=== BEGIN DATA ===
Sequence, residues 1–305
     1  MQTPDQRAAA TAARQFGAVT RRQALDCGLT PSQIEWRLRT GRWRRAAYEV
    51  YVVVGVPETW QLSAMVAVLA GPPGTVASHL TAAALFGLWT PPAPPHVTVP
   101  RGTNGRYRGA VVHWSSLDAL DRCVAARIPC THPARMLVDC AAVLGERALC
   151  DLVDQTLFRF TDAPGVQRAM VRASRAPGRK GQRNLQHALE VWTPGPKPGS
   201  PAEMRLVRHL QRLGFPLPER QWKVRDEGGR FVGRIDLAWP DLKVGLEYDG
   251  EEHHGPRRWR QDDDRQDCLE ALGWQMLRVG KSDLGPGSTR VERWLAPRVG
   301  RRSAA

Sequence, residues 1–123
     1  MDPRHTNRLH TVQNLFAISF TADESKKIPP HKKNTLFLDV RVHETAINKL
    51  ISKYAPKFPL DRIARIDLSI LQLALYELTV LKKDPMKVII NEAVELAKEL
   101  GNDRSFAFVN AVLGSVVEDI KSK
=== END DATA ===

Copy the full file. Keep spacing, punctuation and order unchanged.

Sequence, residues 1–305
     1  MQTPDQRAAA TAARQFGAVT RRQALDCGLT PSQIEWRLRT GRWRRAAYEV
    51  YVVVGVPETW QLSAMVAVLA GPPGTVASHL TAAALFGLWT PPAPPHVTVP
   101  RGTNGRYRGA VVHWSSLDAL DRCVAARIPC THPARMLVDC AAVLGERALC
   151  DLVDQTLFRF TDAPGVQRAM VRASRAPGRK GQRNLQHALE VWTPGPKPGS
   201  PAEMRLVRHL QRLGFPLPER QWKVRDEGGR FVGRIDLAWP DLKVGLEYDG
   251  EEHHGPRRWR QDDDRQDCLE ALGWQMLRVG KSDLGPGSTR VERWLAPRVG
   301  RRSAA

Sequence, residues 1–123
     1  MDPRHTNRLH TVQNLFAISF TADESKKIPP HKKNTLFLDV RVHETAINKL
    51  ISKYAPKFPL DRIARIDLSI LQLALYELTV LKKDPMKVII NEAVELAKEL
   101  GNDRSFAFVN AVLGSVVEDI KSK